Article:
In the wake of attacks and kidnappings by Boko Haram, Cameroon instituted harsh anti-terror laws to try to root out suspected fighters for the notorious armed group. Unfortunately, innocent people have been swept up in these efforts. Cameroon has arrested over 1,000 people, mostly for no apparent reason, in an overzealous attempt to stop Boko Haram. Prisoners have been beaten and tortured. Some die in detention or are sentenced to death.
Most of those arrested have very little evidence against them, or have found themselves in badly misunderstood circumstances. That is the case in the following story of a student named Fomusoh Ivo Feh, who is serving a 10-year sentence all because of a sarcastic text message. Ivo’s brother, Fomusoh Eric, tells his story:
Two years ago, my brother Fomusoh Ivo Feh was a young man just about to start university. He knew how hard it was to find a job in our country Cameroon without a degree. But a tough job market wasn’t the only struggle facing our country. The armed group Boko Haram was also carrying out attacks in Cameroon, causing the government to enact a fierce crackdown on alleged sympathizers.
But Ivo, as we call him, was just trying to go about his every day life. And sometimes, to make sense of a senseless situation, he liked to joke with his friends. Not because he did not take the economic situation or the threat of Boko Haram seriously, but as a way to cope with the daily stress.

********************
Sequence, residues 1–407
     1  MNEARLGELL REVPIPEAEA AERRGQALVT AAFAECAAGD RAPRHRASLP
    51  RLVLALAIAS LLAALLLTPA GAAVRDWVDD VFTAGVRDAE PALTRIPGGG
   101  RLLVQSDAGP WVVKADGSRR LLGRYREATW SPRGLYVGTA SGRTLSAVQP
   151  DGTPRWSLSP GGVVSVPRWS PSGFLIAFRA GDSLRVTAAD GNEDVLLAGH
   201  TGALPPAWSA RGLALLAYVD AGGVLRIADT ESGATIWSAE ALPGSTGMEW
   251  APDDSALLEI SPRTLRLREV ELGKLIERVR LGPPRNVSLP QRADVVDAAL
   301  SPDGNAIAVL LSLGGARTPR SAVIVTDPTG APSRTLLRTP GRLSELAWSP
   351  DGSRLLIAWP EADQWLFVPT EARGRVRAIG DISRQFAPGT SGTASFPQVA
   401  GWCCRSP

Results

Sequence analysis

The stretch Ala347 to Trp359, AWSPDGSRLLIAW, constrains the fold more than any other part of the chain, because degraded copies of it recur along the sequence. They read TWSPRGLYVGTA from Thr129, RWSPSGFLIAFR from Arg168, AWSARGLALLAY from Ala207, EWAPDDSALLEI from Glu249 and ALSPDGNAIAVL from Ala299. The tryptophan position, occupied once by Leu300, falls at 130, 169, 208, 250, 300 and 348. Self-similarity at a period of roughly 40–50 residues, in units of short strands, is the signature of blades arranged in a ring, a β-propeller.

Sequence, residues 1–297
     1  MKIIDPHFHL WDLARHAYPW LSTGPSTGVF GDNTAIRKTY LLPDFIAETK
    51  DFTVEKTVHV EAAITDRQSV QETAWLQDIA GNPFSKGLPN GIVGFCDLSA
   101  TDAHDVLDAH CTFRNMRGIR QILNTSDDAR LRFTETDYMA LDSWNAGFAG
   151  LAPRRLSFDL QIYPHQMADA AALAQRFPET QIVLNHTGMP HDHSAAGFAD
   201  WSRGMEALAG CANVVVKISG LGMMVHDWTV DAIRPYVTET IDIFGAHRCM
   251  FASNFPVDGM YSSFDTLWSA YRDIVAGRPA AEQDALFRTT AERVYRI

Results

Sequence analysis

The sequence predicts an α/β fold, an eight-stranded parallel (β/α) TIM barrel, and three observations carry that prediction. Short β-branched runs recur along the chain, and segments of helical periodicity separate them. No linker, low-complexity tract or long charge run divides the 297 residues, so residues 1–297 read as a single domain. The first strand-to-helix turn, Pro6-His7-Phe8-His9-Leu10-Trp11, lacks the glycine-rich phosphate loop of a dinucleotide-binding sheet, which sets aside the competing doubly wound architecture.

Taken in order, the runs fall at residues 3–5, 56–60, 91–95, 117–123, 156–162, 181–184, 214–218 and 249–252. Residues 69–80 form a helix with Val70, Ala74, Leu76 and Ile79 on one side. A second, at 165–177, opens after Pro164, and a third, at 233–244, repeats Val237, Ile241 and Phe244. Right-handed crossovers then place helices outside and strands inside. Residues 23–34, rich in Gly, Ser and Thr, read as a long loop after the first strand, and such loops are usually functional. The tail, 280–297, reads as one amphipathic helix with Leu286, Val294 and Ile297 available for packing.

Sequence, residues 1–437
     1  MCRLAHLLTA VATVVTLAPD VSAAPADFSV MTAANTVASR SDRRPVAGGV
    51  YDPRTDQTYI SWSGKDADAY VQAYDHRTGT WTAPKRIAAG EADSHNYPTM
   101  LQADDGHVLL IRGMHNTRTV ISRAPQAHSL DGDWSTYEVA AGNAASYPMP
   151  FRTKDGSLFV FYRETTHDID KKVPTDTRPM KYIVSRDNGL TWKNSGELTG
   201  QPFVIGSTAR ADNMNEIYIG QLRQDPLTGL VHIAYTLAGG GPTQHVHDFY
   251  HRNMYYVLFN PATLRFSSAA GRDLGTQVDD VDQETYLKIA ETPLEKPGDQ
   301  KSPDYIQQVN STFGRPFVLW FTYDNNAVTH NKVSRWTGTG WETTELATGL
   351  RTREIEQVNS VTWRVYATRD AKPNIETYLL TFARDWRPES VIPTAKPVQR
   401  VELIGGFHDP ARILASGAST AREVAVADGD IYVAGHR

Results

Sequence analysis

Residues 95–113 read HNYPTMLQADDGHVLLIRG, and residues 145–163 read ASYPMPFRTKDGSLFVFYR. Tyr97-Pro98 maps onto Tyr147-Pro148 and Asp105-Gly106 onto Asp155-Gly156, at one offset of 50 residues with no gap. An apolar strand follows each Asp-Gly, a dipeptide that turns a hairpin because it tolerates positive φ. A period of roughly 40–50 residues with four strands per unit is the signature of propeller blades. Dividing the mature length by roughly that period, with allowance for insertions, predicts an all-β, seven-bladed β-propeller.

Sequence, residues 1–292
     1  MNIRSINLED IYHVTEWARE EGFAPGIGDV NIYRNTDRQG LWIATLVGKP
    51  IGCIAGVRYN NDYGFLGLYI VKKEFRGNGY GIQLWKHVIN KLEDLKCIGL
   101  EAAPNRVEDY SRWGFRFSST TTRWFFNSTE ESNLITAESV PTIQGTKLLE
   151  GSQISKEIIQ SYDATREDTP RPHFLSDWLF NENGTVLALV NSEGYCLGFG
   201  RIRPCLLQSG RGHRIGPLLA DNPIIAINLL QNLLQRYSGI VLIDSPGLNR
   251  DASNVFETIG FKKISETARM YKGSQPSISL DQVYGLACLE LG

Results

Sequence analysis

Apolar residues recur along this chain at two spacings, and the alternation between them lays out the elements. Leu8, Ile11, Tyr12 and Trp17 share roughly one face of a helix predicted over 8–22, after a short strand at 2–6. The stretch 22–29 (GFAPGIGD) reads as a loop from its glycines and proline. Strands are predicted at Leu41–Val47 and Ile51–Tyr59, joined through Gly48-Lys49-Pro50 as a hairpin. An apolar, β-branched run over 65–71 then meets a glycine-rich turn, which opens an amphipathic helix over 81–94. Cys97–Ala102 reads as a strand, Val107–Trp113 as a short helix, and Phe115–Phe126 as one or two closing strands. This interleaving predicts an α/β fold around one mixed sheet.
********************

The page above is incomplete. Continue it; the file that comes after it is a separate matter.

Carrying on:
His friend texted him something that sounded like a job advertisement, but was clearly a joke: “Boko Haram recruits young people from 14 years old and above. Conditions for recruitment: 4 subjects at GCE, including religion.” To students like Ivo and his friends, the idea that not even Boko Haram would take you on without proper academic qualifications would be quite funny.
So Ivo did something we all do — he shared the joke with his friend. Who shared it with his friend. Who had his phone taken by a teacher. Who called the police. All three students were arrested.
All of a sudden, my brother’s hopes of earning his degree and getting a good job came crashing down on him. As a result of Cameroon’s strict laws, Ivo’s sarcastic text was interpreted as a recruitment message. Recently, he and his friends were sentenced to 10 years in prison for non-denunciation of terrorist acts.”
There is no doubt that Boko Haram terrifies us. Over 170,000 people in Cameroon have fled their homes, and 65,000 people from Nigeria have sought refuge here as well. But locking up innocent people like my brother and keeping them in dangerous conditions is wrong. It is bad enough that we fear Boko Haram. We should not have to fear those who swear to protect us as well.
I am so grateful for the international attention that Ivo’s case has received so far. The case of Ivo and his friends has been highlighted as part of Amnesty International’s annual Write for Rights campaign, urging people around the world to take action on behalf of human rights. Thousands of people around the world are calling on the government of Cameroon to release my brother from jail and have him come home.
Forcing innocent people to forfeit their lives and their futures in the name of national security is no way to keep a country safe. Boko Haram must be stopped, but not at the price of personal freedom. Until those unjustly imprisoned are freed, peace here in Cameroon will be impossible.